Last month, the California Department of Education released the spring 2018 test results for the California Assessment of Student Performance and Progress in English Language arts and mathematics.

Idyllwild School students exceeded both the statewide and Hemet Unified School District results in both English and mathematics.

Statewide, in all tested grades, 49.9 percent of students met or exceeded the English Language Arts/Literacy standards, a 1.3-percentage point increase from 2017 and a 5.9-percentage point increase from 2015. In mathematics, 38.7 percent of students met or exceeded standards, a 1.1-percentage point increase from 2017 and a 5.7-percentage point increase from 2015.

Within HUSD, 36 percent of students tested met or exceeded the English Language Arts/Literacy standard. For mathematics, 22.4 percent of HUSD students tested met or exceeded the standards.

However, at Idyllwild School, 61.6 percent of the students met or exceeded the English and literacy standards. In mathematics, nearly half (47.9 percent) met or exceeded the standards.

Students at Idyllwild School performed well in the latest tests but also have demonstrated improvement over time. For example, 58.1 percent of last year’s eighth-grade students met or exceeded the English and literacy standards. In 2016, when this cohort was in sixth grade, 45 percent accomplished the same levels. Two years ago, one-third of the class did not meet the standards. In 2018, the percentage of students still not meeting the standard fell to 21 percent.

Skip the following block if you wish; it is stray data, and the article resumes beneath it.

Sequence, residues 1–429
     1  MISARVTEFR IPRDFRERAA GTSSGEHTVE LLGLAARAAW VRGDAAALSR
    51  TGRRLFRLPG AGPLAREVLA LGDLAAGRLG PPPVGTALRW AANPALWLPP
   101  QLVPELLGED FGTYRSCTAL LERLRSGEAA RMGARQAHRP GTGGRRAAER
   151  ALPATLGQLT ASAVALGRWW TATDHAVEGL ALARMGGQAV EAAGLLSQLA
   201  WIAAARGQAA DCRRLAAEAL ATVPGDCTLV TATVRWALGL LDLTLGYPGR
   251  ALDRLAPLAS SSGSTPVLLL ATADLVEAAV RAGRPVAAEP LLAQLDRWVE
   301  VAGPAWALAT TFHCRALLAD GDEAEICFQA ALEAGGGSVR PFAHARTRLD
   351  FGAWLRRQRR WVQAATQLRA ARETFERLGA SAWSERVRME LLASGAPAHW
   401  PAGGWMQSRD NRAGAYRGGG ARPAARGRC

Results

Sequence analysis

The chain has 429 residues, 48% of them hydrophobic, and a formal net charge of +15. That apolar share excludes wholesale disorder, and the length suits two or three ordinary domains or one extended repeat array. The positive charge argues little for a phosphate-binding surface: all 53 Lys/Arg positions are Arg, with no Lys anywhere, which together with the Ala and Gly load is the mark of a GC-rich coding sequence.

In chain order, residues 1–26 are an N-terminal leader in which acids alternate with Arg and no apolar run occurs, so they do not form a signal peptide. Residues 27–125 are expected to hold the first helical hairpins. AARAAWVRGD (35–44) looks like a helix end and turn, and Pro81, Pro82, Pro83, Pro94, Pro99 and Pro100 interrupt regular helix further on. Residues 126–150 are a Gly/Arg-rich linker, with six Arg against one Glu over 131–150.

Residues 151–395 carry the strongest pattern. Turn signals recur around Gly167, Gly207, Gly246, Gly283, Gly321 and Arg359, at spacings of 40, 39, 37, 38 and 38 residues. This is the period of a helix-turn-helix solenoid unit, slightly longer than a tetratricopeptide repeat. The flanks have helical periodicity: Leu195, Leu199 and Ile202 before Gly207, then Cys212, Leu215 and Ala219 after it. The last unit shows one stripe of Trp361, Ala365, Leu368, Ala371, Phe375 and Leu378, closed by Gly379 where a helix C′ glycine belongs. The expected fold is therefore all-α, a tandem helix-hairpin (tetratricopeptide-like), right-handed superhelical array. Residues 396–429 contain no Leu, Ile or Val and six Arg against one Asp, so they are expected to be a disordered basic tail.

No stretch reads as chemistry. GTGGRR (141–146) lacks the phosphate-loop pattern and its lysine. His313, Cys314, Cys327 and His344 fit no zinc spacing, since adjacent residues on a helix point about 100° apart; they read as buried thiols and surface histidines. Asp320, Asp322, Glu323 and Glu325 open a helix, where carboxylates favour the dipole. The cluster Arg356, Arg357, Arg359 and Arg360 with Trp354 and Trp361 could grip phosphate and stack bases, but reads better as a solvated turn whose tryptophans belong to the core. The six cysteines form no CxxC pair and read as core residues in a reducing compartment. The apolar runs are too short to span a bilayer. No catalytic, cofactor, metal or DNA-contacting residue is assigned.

Similar improvement can be seen in the results for the mathematics portion of the test. In 2016, while finishing sixth grade, 41 percent of the students met or exceeded the math standards and 31 percent did not meet the standard. But in 2018, finishing eighth grade, 35 percent scored in the top two levels, but only 23 percent failed to meet the standards.

While the Idyllwild School students collectively exceeded both the statewide and district results, Principal Matt Kraemer was still subdued in his comments and expressed some disappointment that the school’s results were below the 2017 results.

One of the reasons, he mentioned, was the adoption of a new mathematics curriculum. Typically, results fall in the first year of a new approach as both teachers and students adjust, he noted.

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